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May 16, 2013

Mozart Meets MapReduce

Isaac Lopez

Big data has been around since the beginning of time, says Thomas Paulmichl, founder and CEO of Sigmaspecto, who says that what has changed is how we process the information.  In a talk during Big Data Week, Paulmichl encouraged people to open up their perspective on what big data is, and how it can be applied.

During the talk, he admonished people to take a human element into big data. Paulmichl demonstrated this by examining the work of musical prodigy, Mozart – who Paulmichl noted is appreciated greatly by both music scientists, as well as the common music listener.

“When Mozart makes choices on writing a piece of work, the number of choices that he has and the kind of neural algorithms that his brain goes through to choose things is infinitesimally higher that what we call big data – it’s really small data in comparison,” he said.

Taking Mozart’s  The Magic Flute as an example, Paulmichl, discussed the framework that Mozart used to make his choices by examining a music sheet outlining the number of bars, the time signature, the instrument and singer voicing.

“So from his perspective, he sits down, and starts to make what we as data scientists call quantitative choices,” explained Paulmichl. “Do I put a note here, down here, do I use a different instrument; do I use a parallel voicing for different violins – so these are all metrics that his brain has to decide.”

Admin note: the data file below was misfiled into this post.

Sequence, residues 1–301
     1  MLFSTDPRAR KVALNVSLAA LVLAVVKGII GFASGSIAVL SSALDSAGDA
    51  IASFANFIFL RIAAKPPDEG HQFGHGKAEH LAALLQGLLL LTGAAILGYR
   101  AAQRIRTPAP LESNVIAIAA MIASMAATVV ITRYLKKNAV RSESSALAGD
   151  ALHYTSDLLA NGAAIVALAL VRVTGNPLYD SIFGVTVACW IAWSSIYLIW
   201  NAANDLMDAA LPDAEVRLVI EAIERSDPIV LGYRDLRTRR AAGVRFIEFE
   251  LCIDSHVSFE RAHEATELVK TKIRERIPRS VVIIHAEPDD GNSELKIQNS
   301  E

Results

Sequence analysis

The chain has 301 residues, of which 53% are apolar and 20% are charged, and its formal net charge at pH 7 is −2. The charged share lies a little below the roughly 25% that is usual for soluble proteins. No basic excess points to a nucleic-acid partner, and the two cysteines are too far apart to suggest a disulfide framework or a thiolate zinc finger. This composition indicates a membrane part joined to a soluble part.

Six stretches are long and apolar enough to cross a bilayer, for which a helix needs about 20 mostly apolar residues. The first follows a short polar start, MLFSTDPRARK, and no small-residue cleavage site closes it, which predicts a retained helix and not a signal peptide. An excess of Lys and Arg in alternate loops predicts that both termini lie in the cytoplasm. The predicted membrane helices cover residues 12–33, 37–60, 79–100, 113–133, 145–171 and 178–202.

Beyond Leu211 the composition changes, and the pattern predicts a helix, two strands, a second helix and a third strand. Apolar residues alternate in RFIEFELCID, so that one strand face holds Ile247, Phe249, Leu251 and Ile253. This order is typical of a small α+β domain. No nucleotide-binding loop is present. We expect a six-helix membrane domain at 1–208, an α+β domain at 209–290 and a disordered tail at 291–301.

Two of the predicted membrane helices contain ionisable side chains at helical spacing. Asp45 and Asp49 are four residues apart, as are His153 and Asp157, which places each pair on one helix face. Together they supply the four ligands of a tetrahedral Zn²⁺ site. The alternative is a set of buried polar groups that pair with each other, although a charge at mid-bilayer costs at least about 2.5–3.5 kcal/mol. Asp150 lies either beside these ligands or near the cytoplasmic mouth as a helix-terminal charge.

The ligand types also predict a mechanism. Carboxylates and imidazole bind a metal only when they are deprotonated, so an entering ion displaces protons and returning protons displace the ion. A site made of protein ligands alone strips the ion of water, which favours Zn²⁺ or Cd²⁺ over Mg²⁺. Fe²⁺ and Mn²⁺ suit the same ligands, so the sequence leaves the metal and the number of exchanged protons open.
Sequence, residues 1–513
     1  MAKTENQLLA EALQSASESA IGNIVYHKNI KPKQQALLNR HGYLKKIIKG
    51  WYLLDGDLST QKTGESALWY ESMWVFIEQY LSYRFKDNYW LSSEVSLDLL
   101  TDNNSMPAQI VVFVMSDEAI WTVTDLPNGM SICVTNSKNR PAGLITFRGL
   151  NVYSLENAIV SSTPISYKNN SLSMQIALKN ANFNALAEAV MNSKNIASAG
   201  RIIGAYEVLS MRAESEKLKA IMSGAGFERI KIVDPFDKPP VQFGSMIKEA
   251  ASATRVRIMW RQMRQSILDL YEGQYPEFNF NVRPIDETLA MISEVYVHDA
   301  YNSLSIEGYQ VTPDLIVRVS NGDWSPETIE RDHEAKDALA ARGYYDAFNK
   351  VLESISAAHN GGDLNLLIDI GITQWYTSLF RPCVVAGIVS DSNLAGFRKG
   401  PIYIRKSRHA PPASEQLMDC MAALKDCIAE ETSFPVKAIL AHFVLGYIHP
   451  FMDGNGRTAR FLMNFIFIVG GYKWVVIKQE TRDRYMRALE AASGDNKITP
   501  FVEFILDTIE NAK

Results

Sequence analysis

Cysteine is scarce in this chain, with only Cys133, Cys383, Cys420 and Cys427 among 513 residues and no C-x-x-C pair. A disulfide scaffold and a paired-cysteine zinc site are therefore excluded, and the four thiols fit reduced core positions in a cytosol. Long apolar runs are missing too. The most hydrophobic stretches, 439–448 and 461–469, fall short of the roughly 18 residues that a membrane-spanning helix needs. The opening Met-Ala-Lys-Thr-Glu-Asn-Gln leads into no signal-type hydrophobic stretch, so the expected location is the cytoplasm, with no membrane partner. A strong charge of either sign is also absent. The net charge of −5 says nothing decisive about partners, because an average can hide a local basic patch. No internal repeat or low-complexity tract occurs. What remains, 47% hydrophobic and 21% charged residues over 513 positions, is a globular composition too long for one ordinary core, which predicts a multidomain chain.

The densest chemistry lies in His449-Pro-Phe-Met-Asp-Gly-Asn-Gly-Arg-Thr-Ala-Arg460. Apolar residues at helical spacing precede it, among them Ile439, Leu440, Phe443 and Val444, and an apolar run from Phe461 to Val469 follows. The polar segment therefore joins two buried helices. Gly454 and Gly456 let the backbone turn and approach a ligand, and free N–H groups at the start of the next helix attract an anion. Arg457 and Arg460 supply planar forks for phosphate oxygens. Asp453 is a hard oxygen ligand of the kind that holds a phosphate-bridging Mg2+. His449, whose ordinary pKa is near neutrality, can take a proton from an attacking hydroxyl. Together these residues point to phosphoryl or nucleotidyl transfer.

Exploring the mathematics of the music, Paulmichl concluded that in looking at The Magic Flute, Mozart had 4.72391E+21 creative variations (and then some) that he could have taken with the direction of it over the course of the piece. “We’re not talking about a trillion dataset; we’re talking about a sextillion or more,” he says adding that this is a very limited cut of the quantitative choice that his brain makes at every composition point.

Paul related this process to MapReduce, attempting to demonstrate that the principles of the framework are nothing new, but rather techniques that have been underlying much of humanity’s cultural output.  “Our brains use similar algorithms that we can compare when we look at using MapReduce and big data technologies on our traditional data set.”

He notes that brains aren’t computers, but rather neural nets that operate on a different paradigm.

“Your brain doesn’t process stuff in a parallel fashion.  There are a few parallel neurons firing– you know color, shape etc, but it’s a very conservative parallel process – but it is parallel in a sense if you collapse time into one data point, and then your brain becomes a MapReduce machine because you are in a loop solving a compression algorithm that becomes better and better by analyzing the same bit.”

It is an interesting point of view from the founder and CEO of a company that analyzes unstructured data streams using machine learning and artificial intelligence algorithms. You can view the talk here:

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